I have been running my side business for just over a year now. It was a tough start – but we got there.

Starting a business requires research and investigation. You are continuously learning about the pros and cons of being a small business owner, and if you have been a wage earner, you consistently compare the two. The thing is, they are so different it is difficult to compare. Each can provide you with something that the other can’t.

Being an entrepreneur is all the rave nowadays. But while I was listening to a podcast something the host said really stood out. Everyone wants to be an entrepreneur because we hear the success stories of the 20 somethings making millions overnight. But statistically, the probability of you falling into this kind of success is low. Which is why, I think, as a business owner we need to define what our goals and purpose for the business will be.

I’m not a tax expert, but as I understand it, a business’s profit is taxed at a flat rate of 30%. Whereas under income tax, your tax rate won’t hit 30% until you earn around $144K per year. The benefit of a business is that you are able to claim deductions (related to business activity) reducing your taxable income. However not making a profit (or breaking even) would mean no money for saving or investing. The business would simply fund it’s own operations. And when you do start to make money, your business will be taxed at a higher rate then income tax (unless your personal income is greater then 150K, and you start to break into the 30+% tax bracket).

If you think about your salary, like the business’profit, you are paying less tax earning a salary under 144K per year. Note that less then 6% of the population earn this salary, which means 94% of the population will be paying a lower tax rate then a business (exc. sole traders and partnerships – whereby the business taxable income is added to their personal income).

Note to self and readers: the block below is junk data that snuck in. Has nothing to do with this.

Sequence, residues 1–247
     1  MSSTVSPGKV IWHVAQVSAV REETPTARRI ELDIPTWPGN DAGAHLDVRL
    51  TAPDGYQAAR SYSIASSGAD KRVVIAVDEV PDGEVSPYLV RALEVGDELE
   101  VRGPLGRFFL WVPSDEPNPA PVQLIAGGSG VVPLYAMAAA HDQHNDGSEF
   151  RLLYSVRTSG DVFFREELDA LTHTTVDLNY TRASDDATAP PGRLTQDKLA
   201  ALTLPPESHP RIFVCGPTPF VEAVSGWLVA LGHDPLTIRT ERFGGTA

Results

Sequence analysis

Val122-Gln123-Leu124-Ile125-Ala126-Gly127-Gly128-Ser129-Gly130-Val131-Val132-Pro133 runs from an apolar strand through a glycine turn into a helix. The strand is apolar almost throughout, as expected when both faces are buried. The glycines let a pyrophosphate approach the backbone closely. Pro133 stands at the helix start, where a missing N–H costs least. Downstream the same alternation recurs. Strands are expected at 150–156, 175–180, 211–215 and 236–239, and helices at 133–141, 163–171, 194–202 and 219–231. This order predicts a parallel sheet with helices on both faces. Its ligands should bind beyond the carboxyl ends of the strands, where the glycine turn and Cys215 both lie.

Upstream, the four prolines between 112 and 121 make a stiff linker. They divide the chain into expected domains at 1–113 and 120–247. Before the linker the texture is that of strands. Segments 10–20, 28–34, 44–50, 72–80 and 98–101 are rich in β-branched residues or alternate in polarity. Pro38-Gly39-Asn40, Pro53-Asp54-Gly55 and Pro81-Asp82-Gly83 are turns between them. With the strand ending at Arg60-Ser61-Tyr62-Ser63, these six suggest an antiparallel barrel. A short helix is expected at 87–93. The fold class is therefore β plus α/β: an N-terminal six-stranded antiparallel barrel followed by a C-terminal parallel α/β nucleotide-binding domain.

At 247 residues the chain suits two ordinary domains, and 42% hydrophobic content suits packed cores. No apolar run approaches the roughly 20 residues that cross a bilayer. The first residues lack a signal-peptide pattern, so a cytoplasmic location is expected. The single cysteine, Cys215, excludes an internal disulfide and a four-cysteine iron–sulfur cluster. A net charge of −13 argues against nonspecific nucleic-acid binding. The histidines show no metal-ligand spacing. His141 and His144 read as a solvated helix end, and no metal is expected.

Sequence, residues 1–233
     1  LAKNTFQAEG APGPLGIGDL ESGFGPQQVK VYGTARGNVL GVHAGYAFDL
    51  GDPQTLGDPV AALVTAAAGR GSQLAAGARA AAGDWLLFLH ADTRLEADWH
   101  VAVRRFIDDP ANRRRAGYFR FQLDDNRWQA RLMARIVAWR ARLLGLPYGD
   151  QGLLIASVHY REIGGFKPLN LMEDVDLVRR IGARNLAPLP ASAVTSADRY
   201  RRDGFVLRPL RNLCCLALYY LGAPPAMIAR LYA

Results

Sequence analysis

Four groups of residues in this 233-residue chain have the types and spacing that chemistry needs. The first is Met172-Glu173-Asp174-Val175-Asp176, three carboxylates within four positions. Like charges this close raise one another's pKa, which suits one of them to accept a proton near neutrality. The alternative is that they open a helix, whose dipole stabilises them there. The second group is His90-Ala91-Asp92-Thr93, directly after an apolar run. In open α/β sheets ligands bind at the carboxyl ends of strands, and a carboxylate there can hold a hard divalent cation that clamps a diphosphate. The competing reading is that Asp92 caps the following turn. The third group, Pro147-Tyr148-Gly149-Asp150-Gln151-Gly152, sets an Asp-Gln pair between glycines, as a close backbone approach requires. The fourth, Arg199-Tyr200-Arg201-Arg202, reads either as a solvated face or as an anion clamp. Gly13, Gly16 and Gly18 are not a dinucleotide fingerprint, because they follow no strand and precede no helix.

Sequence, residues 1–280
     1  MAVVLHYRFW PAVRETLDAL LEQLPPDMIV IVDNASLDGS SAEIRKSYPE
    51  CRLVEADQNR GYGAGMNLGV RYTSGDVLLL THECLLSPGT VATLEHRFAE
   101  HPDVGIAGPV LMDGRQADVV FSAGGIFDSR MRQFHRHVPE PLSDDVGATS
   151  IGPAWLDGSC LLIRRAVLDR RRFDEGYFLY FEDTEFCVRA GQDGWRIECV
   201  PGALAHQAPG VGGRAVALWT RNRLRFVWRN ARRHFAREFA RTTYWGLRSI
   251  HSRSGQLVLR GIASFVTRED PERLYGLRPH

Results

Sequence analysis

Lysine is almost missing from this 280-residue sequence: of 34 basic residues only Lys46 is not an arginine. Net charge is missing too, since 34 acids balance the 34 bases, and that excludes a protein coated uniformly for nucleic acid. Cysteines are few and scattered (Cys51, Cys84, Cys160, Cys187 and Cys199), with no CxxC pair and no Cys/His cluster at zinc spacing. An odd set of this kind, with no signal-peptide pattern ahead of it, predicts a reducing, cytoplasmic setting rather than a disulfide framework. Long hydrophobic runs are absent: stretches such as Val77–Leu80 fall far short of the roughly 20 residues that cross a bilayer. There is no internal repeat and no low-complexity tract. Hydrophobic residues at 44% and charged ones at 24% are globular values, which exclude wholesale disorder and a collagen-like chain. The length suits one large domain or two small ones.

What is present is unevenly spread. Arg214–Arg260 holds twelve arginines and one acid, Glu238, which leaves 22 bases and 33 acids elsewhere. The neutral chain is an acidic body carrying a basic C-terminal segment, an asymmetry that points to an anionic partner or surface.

It doesn’t cost you to earn an income. Therefore your entire salary is like a profit – for you to use as you please. On the other hand, it does cost a business to earn their income, so the business’s profit is like a salary.

I know this might be an odd way to look at the world of business, but it helps me define what kind of business I want to run and the reasons behind why I would run one. We have all heard that 4 in 5 businesses fail within the first 5 years. That is a 80% failure rate. Then in the next 5 years, another 4 in 5 will fail. That makes it a 90% failure rate in the first 10 years. These numbers make it clear to me that it is not enough to start a business with the idea of becoming a millionaire or for the pleasure of being your own boss. You need to start a business base on passion. And maybe…. don’t leave your day job.

My husband is passionate about performance cars. We spend so much of our personal income on car parts and motoring events so I suggested he start a performance parts business. Why? because this would allow him to fund his passion through his business instead of our personal income. He would be able to buy and sell car parts, enabling him to earn enough money to reinvest the income into a business owned performance vehicle for trade shows. Whilst it addresses a business need, it will also satisfy his personal interests. Earning more money through a side business, which is relevant to what you would have spent your personal savings on, is a great way to fund your business and passion while you nurture it through growth. If it fails, you would have had 5 great years of working on something you love, and if it succeeds you can continue doing what you love. But you also need to have an exit strategy. At what point, will you stop investing your personal income into the business which may be draining your funds dry? Don’t invest more then what you would have if you didn’t have your business. Start small, learn and grow. We are not all born entrepreneurs. I’m just a mum, finding ways to support myself and my family.